Kana Comes Home
In August 2005 Web self-service specialist KANA Software announced that Michael Fields, acting president and CEO, would take over for departing CEO Chuck Bay. Almost a year since his appointment, Fields, whose 30-plus years in enterprise software company management include a stint as president of Oracle U.S.A., is making strides toward rebuilding KANA's credibility by reworking its internal structure.
KANA, a two-time leader in CRM magazine's Service Leaders Awards, fell off the list in the 2006 awards issue, with some experts questioning the company's vision despite its functionally strong offerings. The vision seems to be clearing: In April 2006 the company announced preliminary results for Q1 2006, showing a third consecutive quarter of license revenue growth. License revenue shot up 80 to 95 percent year over year, exceeding analysts' expectations by as much as 50 percent. KANA is launching local and worldwide user groups to address functionality. It's also doubling its sales force in North America and plans to do so in Europe in the second half of 2006.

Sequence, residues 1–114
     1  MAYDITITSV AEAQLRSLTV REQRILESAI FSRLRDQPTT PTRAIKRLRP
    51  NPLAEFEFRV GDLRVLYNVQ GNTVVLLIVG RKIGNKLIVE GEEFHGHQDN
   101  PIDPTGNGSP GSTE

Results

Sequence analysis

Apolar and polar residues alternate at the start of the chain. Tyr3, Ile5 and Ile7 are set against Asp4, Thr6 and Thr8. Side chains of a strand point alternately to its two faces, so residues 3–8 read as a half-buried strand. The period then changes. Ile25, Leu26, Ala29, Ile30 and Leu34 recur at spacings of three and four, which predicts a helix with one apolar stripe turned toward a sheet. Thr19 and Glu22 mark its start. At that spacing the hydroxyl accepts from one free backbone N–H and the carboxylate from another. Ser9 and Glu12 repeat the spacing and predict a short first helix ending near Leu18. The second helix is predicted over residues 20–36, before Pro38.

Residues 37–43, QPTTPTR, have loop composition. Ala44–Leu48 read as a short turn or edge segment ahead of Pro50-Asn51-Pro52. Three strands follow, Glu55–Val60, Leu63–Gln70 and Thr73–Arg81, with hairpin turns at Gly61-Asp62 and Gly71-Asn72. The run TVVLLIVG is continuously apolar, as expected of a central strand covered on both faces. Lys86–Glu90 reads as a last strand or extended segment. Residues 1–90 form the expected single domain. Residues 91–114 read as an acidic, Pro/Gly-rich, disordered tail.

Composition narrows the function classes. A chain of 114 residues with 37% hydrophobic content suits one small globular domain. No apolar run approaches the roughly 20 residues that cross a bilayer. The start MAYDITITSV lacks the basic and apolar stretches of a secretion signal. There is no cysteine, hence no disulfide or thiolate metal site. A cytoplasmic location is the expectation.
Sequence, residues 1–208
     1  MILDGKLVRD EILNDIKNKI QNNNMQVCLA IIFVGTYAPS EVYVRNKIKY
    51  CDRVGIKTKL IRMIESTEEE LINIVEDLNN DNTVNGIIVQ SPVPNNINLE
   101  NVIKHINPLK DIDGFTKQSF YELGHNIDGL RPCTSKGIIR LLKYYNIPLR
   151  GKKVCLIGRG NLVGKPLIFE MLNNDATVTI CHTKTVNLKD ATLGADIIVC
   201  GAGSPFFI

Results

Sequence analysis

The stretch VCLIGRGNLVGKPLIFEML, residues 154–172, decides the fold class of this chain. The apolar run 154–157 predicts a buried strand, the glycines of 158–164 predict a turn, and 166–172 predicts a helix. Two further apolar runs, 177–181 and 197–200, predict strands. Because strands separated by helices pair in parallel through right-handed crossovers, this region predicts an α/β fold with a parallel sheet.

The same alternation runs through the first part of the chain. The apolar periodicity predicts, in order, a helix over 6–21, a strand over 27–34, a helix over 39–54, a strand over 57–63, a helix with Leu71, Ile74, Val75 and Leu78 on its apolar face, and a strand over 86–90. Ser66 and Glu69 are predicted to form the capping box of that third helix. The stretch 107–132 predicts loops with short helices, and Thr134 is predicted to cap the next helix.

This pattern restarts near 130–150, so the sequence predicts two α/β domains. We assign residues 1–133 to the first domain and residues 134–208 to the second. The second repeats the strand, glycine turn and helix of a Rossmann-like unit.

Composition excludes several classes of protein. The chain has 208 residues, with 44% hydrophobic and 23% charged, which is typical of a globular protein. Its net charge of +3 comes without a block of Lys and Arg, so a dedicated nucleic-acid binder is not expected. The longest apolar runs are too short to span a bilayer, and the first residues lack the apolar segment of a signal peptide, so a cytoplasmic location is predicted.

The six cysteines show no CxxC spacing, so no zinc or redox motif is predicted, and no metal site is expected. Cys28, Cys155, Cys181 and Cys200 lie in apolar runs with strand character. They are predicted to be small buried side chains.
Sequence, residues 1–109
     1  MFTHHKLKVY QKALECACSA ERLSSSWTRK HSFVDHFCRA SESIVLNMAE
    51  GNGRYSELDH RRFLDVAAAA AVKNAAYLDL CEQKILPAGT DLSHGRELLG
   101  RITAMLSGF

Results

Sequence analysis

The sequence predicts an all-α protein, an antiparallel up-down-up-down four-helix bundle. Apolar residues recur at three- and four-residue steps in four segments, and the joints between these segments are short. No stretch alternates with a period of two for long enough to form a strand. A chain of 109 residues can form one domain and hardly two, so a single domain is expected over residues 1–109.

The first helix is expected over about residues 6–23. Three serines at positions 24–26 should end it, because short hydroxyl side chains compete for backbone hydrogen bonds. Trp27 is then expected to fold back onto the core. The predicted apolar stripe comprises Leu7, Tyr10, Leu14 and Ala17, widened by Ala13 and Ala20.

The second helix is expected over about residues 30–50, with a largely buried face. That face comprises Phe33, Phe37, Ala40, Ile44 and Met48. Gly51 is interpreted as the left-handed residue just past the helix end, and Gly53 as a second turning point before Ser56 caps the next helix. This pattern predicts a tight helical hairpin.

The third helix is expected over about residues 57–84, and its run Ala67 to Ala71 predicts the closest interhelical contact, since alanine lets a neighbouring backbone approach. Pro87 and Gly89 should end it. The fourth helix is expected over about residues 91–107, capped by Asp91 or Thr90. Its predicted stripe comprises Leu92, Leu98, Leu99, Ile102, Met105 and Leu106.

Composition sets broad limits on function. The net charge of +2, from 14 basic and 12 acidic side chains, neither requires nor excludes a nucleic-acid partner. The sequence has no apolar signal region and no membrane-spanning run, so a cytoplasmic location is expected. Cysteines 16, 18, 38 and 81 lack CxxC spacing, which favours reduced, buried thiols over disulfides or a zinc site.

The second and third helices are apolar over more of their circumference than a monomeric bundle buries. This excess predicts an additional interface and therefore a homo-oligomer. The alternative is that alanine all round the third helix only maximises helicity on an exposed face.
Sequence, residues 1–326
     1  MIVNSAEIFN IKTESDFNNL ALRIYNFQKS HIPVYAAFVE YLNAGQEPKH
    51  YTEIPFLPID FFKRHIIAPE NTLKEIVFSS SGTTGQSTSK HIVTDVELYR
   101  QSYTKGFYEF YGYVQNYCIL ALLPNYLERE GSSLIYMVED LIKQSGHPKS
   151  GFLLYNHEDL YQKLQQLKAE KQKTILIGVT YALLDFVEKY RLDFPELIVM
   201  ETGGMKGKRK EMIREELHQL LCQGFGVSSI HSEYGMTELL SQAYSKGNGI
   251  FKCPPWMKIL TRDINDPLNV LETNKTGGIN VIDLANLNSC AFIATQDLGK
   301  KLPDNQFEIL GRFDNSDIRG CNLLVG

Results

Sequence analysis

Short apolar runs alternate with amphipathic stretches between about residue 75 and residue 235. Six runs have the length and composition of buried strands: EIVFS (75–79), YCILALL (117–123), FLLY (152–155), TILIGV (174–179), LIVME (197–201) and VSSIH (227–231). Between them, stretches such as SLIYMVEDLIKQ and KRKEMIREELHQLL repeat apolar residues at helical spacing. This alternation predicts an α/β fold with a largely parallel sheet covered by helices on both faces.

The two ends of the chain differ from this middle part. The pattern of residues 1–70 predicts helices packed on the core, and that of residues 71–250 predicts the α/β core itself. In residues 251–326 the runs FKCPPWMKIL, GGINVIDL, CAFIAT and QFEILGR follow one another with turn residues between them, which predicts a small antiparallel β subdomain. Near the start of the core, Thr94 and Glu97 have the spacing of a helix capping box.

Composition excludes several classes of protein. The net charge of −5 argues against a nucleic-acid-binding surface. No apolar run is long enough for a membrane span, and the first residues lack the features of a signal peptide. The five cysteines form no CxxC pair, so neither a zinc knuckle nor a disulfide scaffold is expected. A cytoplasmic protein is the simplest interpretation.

But perhaps the company's most intriguing initiative was its decision to bring its outsourced engineers back in-house and to consolidate R&D operations. "We had outsourced the core product development to another company offshore," Fields says. "You can't give up your [intellectual property] development." A review of cost and time-to-market showed KANA wasn't saving much of either.
Without collaboration between architects and programmers, much of the work needed redoing. KANA plans to have all outsourced engineers back in-house by midyear.
"Mike Fields returned [credibility] to KANA...he said they're going to do [something] and they do it," says Esteban Kolsky, a research director at Gartner. "He set a plan in place and [took] steps to return KANA to where it should be."